My cousins and I were laughing about a photo of us when we were kids: our parents had us act out the nativity scene for Christmas, complete with costumes and a baby doll wrapped in a blanket. And while I’m sure I didn’t mind playing the part of a shepherd, I hesitate to think that we actually enjoyed the show as much as our parents—in that photo, all but one of us looked miserable.
It didn’t stop there; for another Christmas, our parents dressed us up in over-sized, gift-wrapped boxes, and probably made us sing a jingle or two. And well into middle school, many of us were still singing at family parties or—I’m ashamed to admit—choreographing hip-hop routines to dance at weddings.
I told my cousins, “We need to do this to our kids. It’s our turn.”
I was kidding. In fact, I do my best not to push my toddler to perform. But sometimes I still shine the limelight on him, and I’m not talking about dressing him up as a shepherd. A few days ago, I was with a friend when I asked my toddler, “Do you want to sing one of the songs you know?” He didn’t respond, so I started it off for him, “Twinkle twinkle little star…” Still, no interest. In that moment I realized I was showing him off; I wanted my friend to see all the cool tricks and talents he can no do. And while it’s natural to feel proud, I knew I shouldn’t have displayed him like a novelty. Thankfully I caught myself and pressed no further.
We often want our kids to perform for various reasons, whether it’s to highlight their talents, brighten other people’s feelings, or encourage kids to continue their talents. If kids are willing to put on a show or even initiate their own performances, then by all means, raise the curtains and take a seat. And for some temperaments, showmanship comes naturally—one of my nephews is a natural performer and thrives with attention. He’s not one to deny a request to perform.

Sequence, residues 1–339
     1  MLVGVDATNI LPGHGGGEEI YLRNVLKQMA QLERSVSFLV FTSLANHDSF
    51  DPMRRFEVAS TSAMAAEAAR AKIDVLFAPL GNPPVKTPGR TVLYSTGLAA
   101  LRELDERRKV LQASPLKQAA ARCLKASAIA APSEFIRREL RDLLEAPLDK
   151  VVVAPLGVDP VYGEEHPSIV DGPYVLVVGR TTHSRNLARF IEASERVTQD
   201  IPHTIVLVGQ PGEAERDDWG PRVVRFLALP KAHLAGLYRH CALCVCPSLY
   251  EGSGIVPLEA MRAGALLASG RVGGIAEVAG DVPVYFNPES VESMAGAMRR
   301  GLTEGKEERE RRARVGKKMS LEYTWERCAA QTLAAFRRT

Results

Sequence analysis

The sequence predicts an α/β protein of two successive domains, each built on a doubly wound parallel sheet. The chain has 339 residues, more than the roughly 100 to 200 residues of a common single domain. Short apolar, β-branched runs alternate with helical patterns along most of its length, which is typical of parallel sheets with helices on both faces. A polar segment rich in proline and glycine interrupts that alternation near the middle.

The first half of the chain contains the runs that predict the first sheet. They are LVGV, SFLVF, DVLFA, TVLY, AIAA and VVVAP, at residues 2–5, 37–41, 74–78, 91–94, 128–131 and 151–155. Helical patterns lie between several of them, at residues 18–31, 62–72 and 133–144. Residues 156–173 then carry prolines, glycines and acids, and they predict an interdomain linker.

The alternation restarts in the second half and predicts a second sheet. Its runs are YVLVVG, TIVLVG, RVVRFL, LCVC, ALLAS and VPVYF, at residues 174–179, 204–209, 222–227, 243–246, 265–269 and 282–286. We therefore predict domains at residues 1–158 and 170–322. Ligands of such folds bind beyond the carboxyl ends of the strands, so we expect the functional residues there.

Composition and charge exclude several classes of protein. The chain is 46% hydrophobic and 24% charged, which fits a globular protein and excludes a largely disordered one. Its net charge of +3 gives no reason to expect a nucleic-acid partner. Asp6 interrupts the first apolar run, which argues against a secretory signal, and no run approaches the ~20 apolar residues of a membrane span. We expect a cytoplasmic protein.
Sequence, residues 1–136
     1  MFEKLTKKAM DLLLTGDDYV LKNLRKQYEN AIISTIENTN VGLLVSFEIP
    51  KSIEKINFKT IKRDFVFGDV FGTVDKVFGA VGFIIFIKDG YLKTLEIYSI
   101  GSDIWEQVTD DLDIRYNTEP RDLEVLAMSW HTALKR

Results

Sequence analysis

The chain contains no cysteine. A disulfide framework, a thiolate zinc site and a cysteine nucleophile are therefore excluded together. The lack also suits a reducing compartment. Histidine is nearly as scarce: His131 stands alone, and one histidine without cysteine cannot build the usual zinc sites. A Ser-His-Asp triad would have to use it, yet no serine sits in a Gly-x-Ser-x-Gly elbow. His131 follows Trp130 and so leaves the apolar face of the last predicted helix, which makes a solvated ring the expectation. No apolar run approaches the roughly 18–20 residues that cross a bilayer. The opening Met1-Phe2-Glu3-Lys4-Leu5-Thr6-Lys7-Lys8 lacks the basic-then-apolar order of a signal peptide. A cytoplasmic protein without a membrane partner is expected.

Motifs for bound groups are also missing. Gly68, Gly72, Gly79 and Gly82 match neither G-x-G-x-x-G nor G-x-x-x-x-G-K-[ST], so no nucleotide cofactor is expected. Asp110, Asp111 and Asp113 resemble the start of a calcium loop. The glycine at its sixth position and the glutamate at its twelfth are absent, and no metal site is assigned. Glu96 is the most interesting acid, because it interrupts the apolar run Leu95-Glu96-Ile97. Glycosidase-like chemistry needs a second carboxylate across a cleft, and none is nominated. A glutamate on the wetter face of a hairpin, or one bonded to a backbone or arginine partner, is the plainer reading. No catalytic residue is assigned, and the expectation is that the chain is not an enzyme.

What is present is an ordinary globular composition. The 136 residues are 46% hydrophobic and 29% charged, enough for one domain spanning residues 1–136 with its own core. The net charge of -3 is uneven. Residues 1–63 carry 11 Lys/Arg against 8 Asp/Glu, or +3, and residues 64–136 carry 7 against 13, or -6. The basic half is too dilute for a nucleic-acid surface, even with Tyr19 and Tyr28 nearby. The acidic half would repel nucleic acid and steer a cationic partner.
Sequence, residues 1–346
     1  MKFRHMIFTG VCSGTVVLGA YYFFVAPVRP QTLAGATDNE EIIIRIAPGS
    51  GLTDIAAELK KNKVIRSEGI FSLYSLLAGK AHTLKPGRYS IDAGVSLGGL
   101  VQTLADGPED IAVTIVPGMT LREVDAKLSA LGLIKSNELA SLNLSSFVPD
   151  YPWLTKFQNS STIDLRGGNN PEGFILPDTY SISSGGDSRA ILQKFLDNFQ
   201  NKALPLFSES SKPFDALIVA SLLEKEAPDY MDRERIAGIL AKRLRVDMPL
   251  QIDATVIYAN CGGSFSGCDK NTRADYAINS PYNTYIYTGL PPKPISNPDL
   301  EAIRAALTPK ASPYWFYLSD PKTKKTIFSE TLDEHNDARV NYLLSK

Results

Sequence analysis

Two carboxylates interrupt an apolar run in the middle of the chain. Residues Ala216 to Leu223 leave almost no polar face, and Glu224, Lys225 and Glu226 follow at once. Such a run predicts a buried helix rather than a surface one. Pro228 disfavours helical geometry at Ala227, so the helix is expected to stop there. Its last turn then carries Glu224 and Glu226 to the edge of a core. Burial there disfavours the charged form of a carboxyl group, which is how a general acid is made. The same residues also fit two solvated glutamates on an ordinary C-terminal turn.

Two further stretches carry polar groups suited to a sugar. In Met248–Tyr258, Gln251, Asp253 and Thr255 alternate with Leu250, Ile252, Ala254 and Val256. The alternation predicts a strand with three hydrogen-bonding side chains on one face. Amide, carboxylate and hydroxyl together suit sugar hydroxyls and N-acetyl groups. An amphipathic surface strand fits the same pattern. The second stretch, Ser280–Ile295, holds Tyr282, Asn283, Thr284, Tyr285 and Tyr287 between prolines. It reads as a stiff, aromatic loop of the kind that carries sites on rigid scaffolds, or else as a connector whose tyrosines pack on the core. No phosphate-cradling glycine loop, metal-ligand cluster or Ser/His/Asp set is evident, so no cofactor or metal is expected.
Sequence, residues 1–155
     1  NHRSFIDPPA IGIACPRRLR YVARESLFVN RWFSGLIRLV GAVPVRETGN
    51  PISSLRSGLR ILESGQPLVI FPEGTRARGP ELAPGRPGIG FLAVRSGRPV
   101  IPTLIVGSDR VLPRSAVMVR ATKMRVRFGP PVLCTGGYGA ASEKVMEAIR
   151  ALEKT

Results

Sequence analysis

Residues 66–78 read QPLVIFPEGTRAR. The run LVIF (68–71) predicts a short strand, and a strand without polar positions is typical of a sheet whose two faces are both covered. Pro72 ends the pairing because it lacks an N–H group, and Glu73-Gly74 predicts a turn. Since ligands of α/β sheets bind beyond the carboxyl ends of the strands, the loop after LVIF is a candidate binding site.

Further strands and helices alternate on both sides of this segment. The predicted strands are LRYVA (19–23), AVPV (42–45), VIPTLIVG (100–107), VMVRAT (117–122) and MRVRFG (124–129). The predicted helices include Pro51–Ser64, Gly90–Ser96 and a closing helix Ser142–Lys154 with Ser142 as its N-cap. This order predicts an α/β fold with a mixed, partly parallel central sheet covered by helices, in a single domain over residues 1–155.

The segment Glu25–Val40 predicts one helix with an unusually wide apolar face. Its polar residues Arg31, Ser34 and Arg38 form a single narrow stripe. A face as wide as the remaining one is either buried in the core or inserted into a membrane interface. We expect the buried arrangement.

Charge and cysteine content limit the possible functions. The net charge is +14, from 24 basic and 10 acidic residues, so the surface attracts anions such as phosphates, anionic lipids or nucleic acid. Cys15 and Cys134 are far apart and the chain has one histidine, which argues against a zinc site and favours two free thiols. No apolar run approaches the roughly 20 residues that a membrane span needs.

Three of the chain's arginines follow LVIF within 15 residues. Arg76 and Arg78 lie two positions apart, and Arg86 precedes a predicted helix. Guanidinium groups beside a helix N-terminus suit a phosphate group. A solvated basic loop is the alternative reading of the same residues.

My toddler usually performs when requested—get him started with his Foot Loose dance and he’ll go on tapping his feet away, laughing all the while. But there are times when he’s just not in the mood. He may even go along with a request to recite a few lines or count to 20, but do so monotonously or irritably. It’s these times that I have to be mindful to respect his feelings for several reasons:
- He may end up feeling like a novelty; someone called on to perform (try to think of the last time you asked an adult, “Hey, why don’t show so-and-so how you play ‘Under the Bridge’ on the guitar?”).
- He may become bashful or embarrassed from being in the spotlight. While my toddler is only two, there will be a day he’ll realize that people’s laughter—however innocent the intent—is aimed at him, and he may not like it.
- He may not feel ready to perform. If he’s just learning how to identify a few words, he may not feel 100% confident about reciting a whole book in front of people just yet. Pestering him to do so may frustrate him, or worse, cause him to stop pursuing it.
- He may equate learning with praise from other people. Receiving attention might lead him to externalize his rewards rather than pursuing talents for his own personal, internal satisfaction.
More often than not, I don’t need to push my toddler to perform. When left to his own devices, he’ll eventually warm up to the crowd and start making his own jokes, or willingly sing Twinkle Twinkle and 20,000 children’s songs when asked. But if he isn’t in the mood—he isn’t smiling, doesn’t look like he’s enjoying the attention, or is ignoring me—then I take a step back. I want to respect his space and allow him to interact with others in what seems most natural to him, not because his parents said it’s show time.
Do you find yourself pushing your kids to perform? Do your kids like putting on a show on their own?
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